Your Next Employee May Be a Robot

Artificial intelligence, or AI, can move your county forward – but how? A number of experts in automation will come together at the 2017 MACo Summer Conference to show how AI can propel county governments into the future at the session, Will Your Next County Employee be…a Robot?

Via Pega

Baltimore-based Mindgrub Technologies started building robots this year, after finding the robots at a Las Vegas conference “cute, but unsophisticated.” They have three in the works, all of which clearly offer potential benefit to counties: Tors, who delivers tours with interesting facts and history to visitors; CRM, a networking robot who works a crowd, cracking jokes and swapping business cards; and Snax, who delivers tasty treats to office workers’ desks. What county official wouldn’t love a robot wandering its office, delivering snacks? Jason Perry, Mindgrub’s Vice President of Engineering will speak to how robots can go to work for counties.

AI can travel farther than across the office to deliver pretzels. Governments use vehicles for everything from property inspections to trash collection. What if those vehicles could drive themselves? Steve Kuciemba of WSP, USA is a national leader in intelligent transportation systems (ITS) and automated vehicle policy. He has 30 years of leadership in the ITS field in both the public and private sectors. His background is unique, having worked for an automotive manufacturer, a State department of transportation, a private travel information provider, and a national trade/lobbying association. He will discuss the future of automated vehicles and how they can help counties.

AI can go airborne, too. Brent Klavon of Aviation Systems Engineering Company will show now drones can assist county governments with surveillance, security, inspections, and more. While notably used for military purposes, unmanned aircraft has a number of applications that can benefit county governments – from property inspections to public safety. (Perhaps to Snax’ chagrin, drones deliver snacks, too.)

Drones, robots, automated vehicles, oh my! How do local governments, with limited budgets and oftentimes limited appetite for risk, put these technologies to work for them? Doctor Alan Shark, Executive Director and CEO of Public Technology Institute, is a highly recognized leader in technology applications for local government. He is the author of the textbooks Technology & Public Management and 7 Trends That Will Transform Local Government Through Technology, and is co-author of the book Web 2.0 Civic Media in Action, and an author and Executive Editor of CIO Leadership for City & County Government, CIO Leadership for Public Safety Communications, and The Digital Journey in K-12 Education, among many others. Doctor Shark will join the panel to demonstrate how county governments can best harness the power of automation.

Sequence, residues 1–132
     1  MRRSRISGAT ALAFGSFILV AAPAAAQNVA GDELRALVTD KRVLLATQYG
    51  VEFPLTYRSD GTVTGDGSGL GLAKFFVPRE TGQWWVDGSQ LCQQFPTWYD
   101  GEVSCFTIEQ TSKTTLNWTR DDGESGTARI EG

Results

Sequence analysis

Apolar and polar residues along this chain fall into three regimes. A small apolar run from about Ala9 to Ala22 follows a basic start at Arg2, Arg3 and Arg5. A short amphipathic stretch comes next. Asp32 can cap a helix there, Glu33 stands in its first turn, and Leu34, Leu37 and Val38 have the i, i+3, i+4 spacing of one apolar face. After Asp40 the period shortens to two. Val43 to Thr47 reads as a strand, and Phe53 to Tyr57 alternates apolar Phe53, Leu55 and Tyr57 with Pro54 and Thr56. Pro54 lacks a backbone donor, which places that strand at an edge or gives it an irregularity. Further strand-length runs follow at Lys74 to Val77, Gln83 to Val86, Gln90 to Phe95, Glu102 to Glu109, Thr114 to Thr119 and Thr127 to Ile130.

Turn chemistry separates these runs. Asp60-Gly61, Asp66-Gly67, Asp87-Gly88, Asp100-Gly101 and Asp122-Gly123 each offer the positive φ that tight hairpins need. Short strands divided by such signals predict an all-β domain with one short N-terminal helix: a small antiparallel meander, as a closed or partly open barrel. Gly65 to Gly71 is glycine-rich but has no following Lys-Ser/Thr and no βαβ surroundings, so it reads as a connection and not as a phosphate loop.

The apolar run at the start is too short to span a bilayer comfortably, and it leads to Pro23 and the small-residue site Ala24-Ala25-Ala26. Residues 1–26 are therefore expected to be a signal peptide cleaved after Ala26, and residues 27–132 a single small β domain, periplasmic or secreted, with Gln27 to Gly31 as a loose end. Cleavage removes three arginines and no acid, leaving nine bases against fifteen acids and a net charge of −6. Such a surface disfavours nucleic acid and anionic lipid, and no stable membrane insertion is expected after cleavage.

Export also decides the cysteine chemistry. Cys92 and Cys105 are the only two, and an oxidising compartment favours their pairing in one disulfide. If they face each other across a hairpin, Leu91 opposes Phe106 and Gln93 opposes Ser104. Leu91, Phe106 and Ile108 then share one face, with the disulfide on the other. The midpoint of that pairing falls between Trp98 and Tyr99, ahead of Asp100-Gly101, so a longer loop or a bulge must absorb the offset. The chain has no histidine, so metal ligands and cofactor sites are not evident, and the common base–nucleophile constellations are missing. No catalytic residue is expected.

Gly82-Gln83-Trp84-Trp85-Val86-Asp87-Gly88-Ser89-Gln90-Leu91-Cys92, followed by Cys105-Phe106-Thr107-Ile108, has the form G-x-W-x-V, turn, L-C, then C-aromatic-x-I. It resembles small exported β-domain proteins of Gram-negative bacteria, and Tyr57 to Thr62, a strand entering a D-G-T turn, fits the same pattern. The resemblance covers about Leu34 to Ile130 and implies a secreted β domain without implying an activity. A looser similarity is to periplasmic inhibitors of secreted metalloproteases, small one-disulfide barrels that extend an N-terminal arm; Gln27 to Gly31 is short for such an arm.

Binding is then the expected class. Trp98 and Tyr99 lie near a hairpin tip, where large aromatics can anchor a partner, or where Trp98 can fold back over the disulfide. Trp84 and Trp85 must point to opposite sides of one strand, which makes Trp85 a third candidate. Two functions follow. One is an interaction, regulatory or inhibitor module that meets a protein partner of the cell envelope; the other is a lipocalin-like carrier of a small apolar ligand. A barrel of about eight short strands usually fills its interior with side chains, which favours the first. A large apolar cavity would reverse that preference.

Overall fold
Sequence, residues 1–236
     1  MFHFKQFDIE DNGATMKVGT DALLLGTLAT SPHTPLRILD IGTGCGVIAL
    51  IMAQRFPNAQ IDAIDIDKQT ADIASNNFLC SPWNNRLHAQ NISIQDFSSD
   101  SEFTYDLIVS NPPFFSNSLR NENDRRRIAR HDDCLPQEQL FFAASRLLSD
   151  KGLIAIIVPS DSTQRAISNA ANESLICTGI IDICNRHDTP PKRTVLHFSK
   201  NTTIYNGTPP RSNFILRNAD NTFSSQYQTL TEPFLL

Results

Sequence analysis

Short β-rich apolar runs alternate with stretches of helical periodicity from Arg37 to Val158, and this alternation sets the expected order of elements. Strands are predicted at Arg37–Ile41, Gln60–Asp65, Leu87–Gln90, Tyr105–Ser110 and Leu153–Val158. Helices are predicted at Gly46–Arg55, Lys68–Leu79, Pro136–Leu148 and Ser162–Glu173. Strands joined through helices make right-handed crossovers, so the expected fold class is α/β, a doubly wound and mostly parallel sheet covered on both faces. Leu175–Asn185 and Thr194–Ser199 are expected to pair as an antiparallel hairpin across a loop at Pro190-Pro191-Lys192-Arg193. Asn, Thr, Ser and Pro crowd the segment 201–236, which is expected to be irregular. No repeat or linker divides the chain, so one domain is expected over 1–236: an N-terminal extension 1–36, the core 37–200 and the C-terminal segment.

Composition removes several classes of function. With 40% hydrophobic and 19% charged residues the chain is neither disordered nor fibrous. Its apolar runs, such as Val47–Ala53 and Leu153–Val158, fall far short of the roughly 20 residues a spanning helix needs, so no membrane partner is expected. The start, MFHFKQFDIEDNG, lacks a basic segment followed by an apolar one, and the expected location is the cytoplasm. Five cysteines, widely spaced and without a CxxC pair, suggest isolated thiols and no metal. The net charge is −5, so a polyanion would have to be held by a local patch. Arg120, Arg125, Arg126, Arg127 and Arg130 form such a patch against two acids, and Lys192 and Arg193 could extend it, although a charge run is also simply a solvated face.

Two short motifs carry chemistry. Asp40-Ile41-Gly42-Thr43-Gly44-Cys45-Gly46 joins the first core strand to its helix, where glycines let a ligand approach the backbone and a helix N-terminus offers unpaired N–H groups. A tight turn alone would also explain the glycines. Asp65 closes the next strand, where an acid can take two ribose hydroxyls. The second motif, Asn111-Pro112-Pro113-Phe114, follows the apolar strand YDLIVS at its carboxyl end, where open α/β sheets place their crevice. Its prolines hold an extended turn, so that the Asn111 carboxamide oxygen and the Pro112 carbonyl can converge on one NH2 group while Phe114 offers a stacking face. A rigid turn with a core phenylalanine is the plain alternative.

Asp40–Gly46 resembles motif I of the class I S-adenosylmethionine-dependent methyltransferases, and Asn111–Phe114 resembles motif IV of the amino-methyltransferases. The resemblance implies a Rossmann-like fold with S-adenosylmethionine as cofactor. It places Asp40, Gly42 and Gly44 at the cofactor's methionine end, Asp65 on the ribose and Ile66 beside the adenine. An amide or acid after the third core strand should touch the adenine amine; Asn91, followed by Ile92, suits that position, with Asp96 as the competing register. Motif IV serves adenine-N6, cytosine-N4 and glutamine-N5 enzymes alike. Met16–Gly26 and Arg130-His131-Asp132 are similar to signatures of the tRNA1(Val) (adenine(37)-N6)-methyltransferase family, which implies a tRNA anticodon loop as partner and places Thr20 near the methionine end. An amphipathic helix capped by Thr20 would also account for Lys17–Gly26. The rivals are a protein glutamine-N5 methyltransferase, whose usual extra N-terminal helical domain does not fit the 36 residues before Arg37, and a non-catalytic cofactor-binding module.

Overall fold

The session, “Will Your Next County Employee be…a Robot?” is a don’t-miss for all technologists, nerds, nerd-wannabes and dreamers.

Will Your Next County Employee be…a Robot?

Description:  Although it may sound like science fiction, it’s time to realize that the future brings automation to a number of government activities – and it’s coming sooner than we think. From driverless garbage trucks to robot cleaning staff, emerging technology will offer taxpayers innovative methods of service, while offering job seekers new and different-looking opportunities. This session will explore ways to welcome the future of automation to your county.


  • Brent Klavon, Aviation Systems Engineering Company
  • Dr. Alan Shark, Executive Director and CEO of Public Technology Institute
  • Steve Kuciemba, Vice President & National ITS Practice Leader, WSP USA
  • Jason Perry, Vice President, Engineering, Mindgrub

Moderator: The Honorable Jeff Ghrist, Maryland House of Delegates

Date/Time: Thursday, August 17, 2017; 2:00 pm – 3:00 pm

The MACo summer conference is August 16-19, 2017 at the Roland Powell Convention Center in Ocean City Maryland. This year’s theme is “You’re Hired!”.

Learn more about MACo’s Summer Conference: